“If you'd like the players to believe in the world you created, the details matter. Details from the style of the architecture to the color and texture of any props, characters’ clothes, etc., all need to fit the world and its referenced era.”

–Beidi Guo, Lantern Studio

Developers can create immersive worlds in all types of games. But small details matter whether you encourage players to make navigational choices (e.g., Dark Souls) or whether you’re leading them towards a more linear path (e.g., Final Fantasy, Hitman, Uncharted).

Balance is key. Developers need to ensure that every object they add to their game serves a purpose. Depending on the size and scope of the game, spending too much time perfecting details can negatively affect other development areas.

“My biggest challenge is finding the right balance in world-building so that I have a world that is detailed enough to help me make a better game, but not too much that is actually slowing me down because I have to keep everything coherent every time I decide to change a tiny bit of the whole structure.”

–Marco Di Timoteo, Creative Director at Studio Evil

"The Game World Can Be Really Different From Ours, but it Needs to Reflect Our Reality"

Gamers might love fantasy adventures that take place in fictional realms or distant planets populated by otherworldly beings, but they’re still very much human. For players to dedicate enough time to make it to the end, the gameplay must evoke some sort of emotional response—whatever that might be.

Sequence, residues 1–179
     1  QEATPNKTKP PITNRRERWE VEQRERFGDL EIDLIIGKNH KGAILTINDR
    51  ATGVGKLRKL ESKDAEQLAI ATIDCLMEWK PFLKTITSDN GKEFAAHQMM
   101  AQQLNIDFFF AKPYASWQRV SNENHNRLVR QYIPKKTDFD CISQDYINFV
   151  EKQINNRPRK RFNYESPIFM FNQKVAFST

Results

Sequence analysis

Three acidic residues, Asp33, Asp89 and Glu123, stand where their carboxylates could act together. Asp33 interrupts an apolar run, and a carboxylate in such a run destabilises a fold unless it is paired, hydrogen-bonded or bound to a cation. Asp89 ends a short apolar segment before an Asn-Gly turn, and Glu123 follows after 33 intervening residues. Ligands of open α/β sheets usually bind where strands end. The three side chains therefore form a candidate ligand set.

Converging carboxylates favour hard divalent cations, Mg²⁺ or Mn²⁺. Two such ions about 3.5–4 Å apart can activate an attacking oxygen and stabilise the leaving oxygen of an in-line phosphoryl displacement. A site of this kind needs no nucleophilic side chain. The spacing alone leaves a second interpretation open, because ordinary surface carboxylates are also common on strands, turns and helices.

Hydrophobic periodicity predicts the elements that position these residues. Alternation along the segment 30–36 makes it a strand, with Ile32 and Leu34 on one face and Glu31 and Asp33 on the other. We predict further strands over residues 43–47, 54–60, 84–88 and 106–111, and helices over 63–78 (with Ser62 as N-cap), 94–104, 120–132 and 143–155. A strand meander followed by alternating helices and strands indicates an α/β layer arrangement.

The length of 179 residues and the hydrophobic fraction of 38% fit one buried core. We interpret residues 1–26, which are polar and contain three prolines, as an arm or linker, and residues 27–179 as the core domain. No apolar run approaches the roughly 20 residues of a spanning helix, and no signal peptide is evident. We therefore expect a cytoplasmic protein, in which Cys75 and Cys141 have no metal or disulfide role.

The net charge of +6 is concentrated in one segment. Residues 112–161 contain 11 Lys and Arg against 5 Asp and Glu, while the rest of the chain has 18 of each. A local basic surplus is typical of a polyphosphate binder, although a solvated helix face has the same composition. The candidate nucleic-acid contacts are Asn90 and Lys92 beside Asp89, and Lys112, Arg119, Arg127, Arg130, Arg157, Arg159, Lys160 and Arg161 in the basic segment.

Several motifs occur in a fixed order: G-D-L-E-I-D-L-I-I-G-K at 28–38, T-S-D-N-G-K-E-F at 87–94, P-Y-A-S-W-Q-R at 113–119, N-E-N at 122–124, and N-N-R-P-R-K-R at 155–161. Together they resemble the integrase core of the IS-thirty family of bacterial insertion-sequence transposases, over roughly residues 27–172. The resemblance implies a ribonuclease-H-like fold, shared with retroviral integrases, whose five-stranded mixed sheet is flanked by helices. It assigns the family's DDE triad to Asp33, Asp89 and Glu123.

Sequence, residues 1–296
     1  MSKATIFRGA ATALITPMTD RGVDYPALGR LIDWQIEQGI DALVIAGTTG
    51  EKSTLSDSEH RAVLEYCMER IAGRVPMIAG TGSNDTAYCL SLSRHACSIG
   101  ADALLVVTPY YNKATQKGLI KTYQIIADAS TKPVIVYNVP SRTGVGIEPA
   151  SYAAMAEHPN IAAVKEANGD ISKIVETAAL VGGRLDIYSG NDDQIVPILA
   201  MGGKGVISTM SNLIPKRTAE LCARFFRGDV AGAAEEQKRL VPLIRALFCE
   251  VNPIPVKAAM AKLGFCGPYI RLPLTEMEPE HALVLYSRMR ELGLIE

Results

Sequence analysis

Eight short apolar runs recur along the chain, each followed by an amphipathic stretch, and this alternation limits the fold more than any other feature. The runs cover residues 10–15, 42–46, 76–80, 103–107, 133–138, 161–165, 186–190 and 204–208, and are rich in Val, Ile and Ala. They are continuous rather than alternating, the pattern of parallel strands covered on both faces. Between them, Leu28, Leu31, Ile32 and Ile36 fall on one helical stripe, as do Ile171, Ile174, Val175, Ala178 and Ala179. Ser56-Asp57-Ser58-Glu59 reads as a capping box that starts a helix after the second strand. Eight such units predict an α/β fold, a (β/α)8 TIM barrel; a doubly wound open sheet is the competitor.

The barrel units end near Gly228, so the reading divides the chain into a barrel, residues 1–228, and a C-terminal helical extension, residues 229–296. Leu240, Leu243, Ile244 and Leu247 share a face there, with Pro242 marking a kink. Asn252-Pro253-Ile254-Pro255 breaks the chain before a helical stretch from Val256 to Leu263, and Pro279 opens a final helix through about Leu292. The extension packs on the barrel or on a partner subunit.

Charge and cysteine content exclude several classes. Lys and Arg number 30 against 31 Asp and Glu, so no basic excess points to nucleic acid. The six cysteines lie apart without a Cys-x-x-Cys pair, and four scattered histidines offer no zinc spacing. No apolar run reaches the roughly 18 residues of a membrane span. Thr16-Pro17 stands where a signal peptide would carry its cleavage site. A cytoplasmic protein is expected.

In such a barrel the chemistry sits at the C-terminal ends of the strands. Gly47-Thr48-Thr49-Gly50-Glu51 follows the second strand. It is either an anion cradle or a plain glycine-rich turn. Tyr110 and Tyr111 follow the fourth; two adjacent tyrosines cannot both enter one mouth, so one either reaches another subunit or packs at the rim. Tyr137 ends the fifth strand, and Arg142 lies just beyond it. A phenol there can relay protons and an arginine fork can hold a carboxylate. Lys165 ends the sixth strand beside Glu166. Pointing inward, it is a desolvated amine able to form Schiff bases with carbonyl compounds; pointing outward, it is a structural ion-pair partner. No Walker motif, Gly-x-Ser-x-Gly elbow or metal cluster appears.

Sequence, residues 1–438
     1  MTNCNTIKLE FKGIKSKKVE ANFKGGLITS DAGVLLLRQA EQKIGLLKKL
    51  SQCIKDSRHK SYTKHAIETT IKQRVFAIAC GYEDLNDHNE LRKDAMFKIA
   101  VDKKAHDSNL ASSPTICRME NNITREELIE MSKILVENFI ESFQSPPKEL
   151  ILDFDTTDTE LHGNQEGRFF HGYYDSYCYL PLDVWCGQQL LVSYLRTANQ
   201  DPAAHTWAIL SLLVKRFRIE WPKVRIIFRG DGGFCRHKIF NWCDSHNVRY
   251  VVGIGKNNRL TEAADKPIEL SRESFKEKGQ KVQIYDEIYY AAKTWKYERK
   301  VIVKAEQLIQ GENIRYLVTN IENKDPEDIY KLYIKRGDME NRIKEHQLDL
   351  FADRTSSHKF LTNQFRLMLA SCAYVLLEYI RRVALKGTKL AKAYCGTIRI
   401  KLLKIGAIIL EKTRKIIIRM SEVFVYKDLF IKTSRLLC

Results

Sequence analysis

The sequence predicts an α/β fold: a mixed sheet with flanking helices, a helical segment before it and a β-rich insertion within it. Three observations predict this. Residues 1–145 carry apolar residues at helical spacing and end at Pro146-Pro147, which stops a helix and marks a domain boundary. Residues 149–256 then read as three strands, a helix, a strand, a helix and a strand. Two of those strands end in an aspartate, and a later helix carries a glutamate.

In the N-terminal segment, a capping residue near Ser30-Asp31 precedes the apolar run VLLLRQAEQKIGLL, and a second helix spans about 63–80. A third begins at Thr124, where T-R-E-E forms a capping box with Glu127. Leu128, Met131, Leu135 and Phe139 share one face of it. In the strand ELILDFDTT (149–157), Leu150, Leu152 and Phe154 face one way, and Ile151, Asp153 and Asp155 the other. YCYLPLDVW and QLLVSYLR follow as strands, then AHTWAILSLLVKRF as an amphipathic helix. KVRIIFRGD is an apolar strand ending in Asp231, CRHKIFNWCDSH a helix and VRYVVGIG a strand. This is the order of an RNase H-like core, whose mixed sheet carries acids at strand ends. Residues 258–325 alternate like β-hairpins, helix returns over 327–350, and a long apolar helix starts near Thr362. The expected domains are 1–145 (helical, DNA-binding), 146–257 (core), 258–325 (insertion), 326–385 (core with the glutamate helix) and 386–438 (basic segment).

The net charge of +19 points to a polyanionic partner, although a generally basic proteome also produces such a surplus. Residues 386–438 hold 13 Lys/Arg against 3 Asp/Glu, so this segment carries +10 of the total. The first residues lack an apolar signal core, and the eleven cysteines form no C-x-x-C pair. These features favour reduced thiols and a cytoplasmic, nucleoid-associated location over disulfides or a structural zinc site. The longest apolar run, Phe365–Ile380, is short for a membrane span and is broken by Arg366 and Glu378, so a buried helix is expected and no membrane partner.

The game world can be really different from ours, but it needs to, at some level, reflect our reality. It can go against our common sense to play as a surprise factor, make things feel exotic, or it can be similar to our world so that we can fully immerse ourselves in the environment and get on with the adventure.”

—Beidi Guo, Lantern Studio

Now, that’s a real challenge for developers. How do you create a world that’s confidently distinguishable from our own reality yet somehow still clearly reflective of it? Many people pick up games as a form of escapism, which means that fantastical—or even absurd—elements are most of the time more than welcome.

The solution lies in crafting stories fueled by human emotion while also giving players enough freedom to be something else.

“A great game world is one that lets a person's imagination roam freely, allowing the player to think a bit differently than they usually would.”

–Lisa Evans, Wabisabi Games

If you want to create a game world that players will care about, you must ensure it’s a detailed and coherent vehicle for your narrative. Creating an environment that players will never forget requires the inclusion of a human element deep into the story. Within the ruleset of your world, you should try to challenge players with exciting possibilities while also encouraging novel ways of thinking and problem-solving.

What game worlds have stood out to you throughout the years? Share your favorites in the comments section, below.